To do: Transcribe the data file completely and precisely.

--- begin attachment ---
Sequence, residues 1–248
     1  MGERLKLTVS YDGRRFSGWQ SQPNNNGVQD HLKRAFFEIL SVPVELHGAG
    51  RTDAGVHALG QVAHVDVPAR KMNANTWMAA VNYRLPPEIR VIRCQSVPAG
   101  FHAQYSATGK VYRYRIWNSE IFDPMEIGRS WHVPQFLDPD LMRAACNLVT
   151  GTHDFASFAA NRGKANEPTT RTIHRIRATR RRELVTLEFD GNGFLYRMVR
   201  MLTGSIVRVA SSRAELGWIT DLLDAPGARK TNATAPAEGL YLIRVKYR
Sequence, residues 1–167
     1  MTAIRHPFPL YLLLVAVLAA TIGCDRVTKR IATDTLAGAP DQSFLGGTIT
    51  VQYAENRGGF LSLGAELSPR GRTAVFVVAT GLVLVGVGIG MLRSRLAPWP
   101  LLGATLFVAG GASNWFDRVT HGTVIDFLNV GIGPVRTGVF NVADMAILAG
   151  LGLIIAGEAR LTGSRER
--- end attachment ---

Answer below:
Sequence, residues 1–248
     1  MGERLKLTVS YDGRRFSGWQ SQPNNNGVQD HLKRAFFEIL SVPVELHGAG
    51  RTDAGVHALG QVAHVDVPAR KMNANTWMAA VNYRLPPEIR VIRCQSVPAG
   101  FHAQYSATGK VYRYRIWNSE IFDPMEIGRS WHVPQFLDPD LMRAACNLVT
   151  GTHDFASFAA NRGKANEPTT RTIHRIRATR RRELVTLEFD GNGFLYRMVR
   201  MLTGSIVRVA SSRAELGWIT DLLDAPGARK TNATAPAEGL YLIRVKYR
Sequence, residues 1–167
     1  MTAIRHPFPL YLLLVAVLAA TIGCDRVTKR IATDTLAGAP DQSFLGGTIT
    51  VQYAENRGGF LSLGAELSPR GRTAVFVVAT GLVLVGVGIG MLRSRLAPWP
   101  LLGATLFVAG GASNWFDRVT HGTVIDFLNV GIGPVRTGVF NVADMAILAG
   151  LGLIIAGEAR LTGSRER